The lemon was introduced into Australia in 1788 by Captain Cook and thrived in the coastal climate where it was widely planted as the colony expanded.
Principal uses of lemons and limes include the making of lemonade, cordials, soft drinks, frozen lemon concentrate, as a garnish for fish and meats. It is also used for a wide variety of culinary preparations and as a flavouring for jams, jellies, marmalades and preserves. Principle by-products are citric acid from the juice and pectin, and oil from the rind. Unless new uses can be found for lemons including export markets, their acreage will not greatly increase, because they cannot be eaten as fresh fruit. Its main constituent, citric acid, can be produced synthetically at a low cost, and returns from its by-products seldom equal the production costs of the raw material.
On a world-wide basis, the United States, Italy, Spain and Argentina are large producers of lemons while Mexico and Brazil are the two big lime producers.
PRESENT AND FUTURE IMPORTANCE OF LEMONS AND LIMES IN AUSTRALIA
In Australia, the lime is comparatively new as a commercial fruit, with a small but growing acreage. Statistics for lemons and limes are therefore grouped together. The total Australian production in 1986 was 46.4 kt from 581 thousand trees worth $A11.7 million, of which $A2.1 was exported. Both in production and value, lemons and limes constitute 7 to 8 percent of the Australian citrus crop. The 1985-86 production included using 13.8 kt as fresh fruit, 28.4 kt for processing and 3.8 kt exported. Imports as fresh and dried fruit in the same period amounted to $A1.87 million and the juice $A0.54 million.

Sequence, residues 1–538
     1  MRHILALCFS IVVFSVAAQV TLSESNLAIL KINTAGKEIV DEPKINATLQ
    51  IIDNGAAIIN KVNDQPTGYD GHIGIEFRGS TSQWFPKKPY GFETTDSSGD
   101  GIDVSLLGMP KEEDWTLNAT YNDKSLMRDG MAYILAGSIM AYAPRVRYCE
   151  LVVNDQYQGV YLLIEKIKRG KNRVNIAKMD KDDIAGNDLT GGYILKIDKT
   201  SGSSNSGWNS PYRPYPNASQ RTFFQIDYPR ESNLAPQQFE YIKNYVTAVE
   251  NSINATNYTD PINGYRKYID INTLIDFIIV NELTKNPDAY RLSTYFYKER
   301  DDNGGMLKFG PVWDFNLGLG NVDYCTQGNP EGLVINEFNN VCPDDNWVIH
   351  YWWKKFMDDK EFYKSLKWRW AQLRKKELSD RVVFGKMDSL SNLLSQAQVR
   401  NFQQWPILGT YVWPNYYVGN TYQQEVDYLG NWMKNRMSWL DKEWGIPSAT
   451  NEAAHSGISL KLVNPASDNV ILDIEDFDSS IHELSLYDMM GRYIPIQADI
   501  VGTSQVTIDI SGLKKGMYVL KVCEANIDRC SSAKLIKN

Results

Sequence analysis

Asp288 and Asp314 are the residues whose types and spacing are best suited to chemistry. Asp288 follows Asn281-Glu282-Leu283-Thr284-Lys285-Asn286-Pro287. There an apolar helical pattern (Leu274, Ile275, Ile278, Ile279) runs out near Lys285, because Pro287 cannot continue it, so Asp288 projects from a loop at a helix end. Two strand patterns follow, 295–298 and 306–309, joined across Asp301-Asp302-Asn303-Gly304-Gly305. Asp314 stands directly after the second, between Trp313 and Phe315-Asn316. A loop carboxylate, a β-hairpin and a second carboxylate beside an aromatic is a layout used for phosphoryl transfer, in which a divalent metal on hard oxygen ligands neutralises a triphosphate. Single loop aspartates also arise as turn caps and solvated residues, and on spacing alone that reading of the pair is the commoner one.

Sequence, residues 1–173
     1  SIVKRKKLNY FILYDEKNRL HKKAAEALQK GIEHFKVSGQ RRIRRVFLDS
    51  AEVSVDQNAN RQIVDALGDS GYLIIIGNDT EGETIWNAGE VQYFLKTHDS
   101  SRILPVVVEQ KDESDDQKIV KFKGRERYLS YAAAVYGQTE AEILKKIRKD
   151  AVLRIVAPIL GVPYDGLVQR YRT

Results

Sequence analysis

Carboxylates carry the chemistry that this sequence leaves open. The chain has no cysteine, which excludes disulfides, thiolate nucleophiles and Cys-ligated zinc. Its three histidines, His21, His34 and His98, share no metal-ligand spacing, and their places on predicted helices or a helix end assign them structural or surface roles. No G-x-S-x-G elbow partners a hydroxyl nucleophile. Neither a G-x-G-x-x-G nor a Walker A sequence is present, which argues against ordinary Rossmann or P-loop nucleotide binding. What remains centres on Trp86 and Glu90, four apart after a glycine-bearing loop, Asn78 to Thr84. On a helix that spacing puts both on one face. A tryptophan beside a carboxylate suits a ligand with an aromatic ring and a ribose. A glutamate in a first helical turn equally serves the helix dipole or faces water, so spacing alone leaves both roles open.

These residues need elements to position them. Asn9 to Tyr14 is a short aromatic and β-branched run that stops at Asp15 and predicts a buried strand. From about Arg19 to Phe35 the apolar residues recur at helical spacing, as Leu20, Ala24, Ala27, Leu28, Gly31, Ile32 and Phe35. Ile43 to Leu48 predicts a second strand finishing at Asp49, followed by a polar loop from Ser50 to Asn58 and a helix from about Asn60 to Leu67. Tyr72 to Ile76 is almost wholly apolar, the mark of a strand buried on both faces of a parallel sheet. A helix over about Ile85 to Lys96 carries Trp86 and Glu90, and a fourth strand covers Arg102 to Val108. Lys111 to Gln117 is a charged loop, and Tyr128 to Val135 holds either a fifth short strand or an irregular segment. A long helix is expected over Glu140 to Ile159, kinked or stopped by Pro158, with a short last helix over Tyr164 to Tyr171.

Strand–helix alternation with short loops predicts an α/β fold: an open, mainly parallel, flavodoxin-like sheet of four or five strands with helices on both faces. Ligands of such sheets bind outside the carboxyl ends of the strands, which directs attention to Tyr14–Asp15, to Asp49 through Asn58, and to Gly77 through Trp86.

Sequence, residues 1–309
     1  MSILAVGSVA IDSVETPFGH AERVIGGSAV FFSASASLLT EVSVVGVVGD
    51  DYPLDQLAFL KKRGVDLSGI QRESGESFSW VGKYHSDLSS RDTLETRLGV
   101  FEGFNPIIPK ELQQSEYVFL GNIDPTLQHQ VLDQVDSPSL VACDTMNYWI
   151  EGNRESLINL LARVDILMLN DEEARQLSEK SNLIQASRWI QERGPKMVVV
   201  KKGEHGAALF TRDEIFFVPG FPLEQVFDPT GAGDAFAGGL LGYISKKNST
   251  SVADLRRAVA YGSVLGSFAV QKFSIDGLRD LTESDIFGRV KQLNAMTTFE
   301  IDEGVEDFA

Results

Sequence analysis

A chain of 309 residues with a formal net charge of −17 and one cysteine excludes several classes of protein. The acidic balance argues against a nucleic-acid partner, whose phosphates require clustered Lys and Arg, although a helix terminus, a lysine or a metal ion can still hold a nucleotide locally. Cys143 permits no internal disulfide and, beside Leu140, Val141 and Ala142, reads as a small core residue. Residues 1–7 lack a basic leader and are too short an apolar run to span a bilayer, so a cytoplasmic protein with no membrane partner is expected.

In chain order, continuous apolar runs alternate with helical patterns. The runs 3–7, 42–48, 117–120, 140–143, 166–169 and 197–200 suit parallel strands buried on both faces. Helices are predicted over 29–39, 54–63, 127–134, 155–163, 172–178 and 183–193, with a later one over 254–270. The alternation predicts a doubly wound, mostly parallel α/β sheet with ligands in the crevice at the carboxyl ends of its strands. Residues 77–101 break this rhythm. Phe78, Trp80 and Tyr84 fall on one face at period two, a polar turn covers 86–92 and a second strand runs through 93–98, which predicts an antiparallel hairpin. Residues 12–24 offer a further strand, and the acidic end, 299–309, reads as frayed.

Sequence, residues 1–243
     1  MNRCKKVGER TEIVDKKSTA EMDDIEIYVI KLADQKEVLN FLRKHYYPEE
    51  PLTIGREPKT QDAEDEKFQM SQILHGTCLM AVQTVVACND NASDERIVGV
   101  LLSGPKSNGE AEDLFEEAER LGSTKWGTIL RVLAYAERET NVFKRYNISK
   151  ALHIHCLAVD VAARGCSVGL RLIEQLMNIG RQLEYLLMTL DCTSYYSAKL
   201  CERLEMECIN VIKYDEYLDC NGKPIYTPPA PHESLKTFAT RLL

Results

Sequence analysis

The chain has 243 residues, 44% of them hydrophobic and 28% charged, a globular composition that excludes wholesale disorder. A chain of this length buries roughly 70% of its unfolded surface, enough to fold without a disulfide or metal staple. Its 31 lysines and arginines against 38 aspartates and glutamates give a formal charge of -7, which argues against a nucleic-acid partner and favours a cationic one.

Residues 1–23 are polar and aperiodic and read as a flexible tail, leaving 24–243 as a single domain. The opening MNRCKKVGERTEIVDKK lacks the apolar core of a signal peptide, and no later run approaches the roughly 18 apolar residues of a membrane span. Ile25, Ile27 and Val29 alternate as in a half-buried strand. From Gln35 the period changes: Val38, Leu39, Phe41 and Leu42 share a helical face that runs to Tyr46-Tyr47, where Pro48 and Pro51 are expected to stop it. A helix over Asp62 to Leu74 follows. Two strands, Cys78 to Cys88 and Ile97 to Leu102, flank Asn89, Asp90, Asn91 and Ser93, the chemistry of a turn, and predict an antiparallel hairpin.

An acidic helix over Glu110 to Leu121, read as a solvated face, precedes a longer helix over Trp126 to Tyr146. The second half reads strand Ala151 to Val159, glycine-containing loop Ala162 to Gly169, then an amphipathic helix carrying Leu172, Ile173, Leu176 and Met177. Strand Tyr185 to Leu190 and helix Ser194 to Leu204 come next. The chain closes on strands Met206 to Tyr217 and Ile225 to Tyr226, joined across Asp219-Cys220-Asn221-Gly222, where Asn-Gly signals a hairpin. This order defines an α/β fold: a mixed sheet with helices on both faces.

New South Wales is the largest producing State with 719 ha of lemons in December 1985, of which 88 percent was Eureka and 10 percent Lisbon. Total area planted to limes was 62 ha, of which 50 ha was non-bearing (Forsyth, 1986). Since 1974, lemon production in NSW has declined by 607 ha or 48 percent due to oversupply and low prices for processed juice. The poor demand for lemon juice is causing South Australian growers to decide on the fate of some of the 232 ha of Eureka and 12 ha Lisbon grown in that State (Gallasch, pers. comm.).
In Victoria, the important lemon-growing districts are Sunraysia which grows Lisbon and Eureka (3:1) and the mid-Murray including Swan Hill, Cobram and the Hills area around Melbourne where Eureka and Lisbon are grown in 3: 1 ratio (Thornton, pers. comm.). In Queensland, the most important lemon-growing district is North Moreton which has three quarters of the State's acreage with Meyer lemon accounting for half the lemons grown, with the other half comprising Villafranca, Eureka and Lisbon. The latter three varieties are also grown in Central Burnett, another important district. Only 7000 lime trees are grown in Coastal Queensland. (Chapman, pers. comm.).